Peace, dialogue held hostage by nuclear weapons threat, pope says

VATICAN CITY — The existence of nuclear weapons creates a false sense of security that holds international relations hostage and stifles peaceful coexistence, Pope Francis said. "The threat of their use as well as their very possession is to be firmly condemned," the pope told participants at a conference on nuclear disarmament hosted by the Vatican. For years, popes and Catholic leaders had said the policy of nuclear deterrence could be morally acceptable as long as real work was underway on a complete ban of the weapons. In condemning possession of the weapons, Pope Francis seemed to indicate that deterrence is no longer acceptable. Nuclear weapons "exist in the service of a mentality of fear that affects not only the parties in conflict but the entire human race," he said Nov. 10. The conference, sponsored by the Vatican Dicastery for Promoting Integral Human Development, brought together 11 Nobel laureates, top officials from the United Nations and NATO, diplomats from around the world and experts in nuclear weapons and the disarmament process. They were joined by scholars, activists and representatives of bishops' conferences, including Stephen Colecchi, director of the U.S. bishops' Office of International Justice and Peace.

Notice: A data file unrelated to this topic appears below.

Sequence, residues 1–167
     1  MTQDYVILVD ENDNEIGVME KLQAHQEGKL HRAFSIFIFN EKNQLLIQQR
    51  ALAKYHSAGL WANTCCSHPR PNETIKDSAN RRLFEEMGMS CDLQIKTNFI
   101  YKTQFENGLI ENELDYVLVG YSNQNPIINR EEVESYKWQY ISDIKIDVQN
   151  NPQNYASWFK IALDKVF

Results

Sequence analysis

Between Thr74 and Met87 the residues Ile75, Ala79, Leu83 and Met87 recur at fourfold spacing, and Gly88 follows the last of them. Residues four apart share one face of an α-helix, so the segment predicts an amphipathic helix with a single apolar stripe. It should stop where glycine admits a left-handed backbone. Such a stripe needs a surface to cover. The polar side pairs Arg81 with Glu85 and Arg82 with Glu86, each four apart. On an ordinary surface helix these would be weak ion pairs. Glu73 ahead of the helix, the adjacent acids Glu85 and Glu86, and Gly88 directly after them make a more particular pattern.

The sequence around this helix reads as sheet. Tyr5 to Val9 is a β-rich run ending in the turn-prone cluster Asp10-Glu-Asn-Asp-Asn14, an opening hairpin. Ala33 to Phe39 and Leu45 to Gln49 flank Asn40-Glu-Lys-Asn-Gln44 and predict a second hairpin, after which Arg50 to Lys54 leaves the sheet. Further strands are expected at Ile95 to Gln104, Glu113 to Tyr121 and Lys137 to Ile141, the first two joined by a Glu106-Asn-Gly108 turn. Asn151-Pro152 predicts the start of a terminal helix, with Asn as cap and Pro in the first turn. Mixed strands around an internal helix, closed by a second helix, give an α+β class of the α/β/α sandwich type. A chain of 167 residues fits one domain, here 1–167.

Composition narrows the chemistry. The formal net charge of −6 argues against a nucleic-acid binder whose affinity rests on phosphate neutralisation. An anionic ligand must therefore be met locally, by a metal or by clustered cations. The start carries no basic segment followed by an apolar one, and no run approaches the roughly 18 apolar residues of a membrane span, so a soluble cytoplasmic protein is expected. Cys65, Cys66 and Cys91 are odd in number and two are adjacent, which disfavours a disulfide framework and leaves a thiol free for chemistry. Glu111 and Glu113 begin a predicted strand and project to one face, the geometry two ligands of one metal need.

Pope bans cigarette sales at the Vatican

VATICAN CITY — Concerned by the damage caused by smoking, Pope Francis has banned the sale of cigarettes in Vatican City State. Starting in 2018, the Vatican "will cease to sell cigarettes to employees," Greg Burke, Vatican spokesman, said in a statement Nov. 9. "The reason is very simple: The Holy See cannot contribute to an activity that clearly damages the health of people," he said. "According to the World Health Organization, every year smoking is the cause of more than seven million deaths throughout the world." The Vatican used to be known as a safe haven for cigarette smokers. That changed dramatically in 2002, when Vatican City prohibited smoking in offices and public places. However, cigarettes continued to be sold to current and retired personnel at the Vatican. Even after the cigarette ban goes into effect, the Vatican will continue discount sales of gasoline, groceries and other goods to employees and retirees.

— Catholic News Service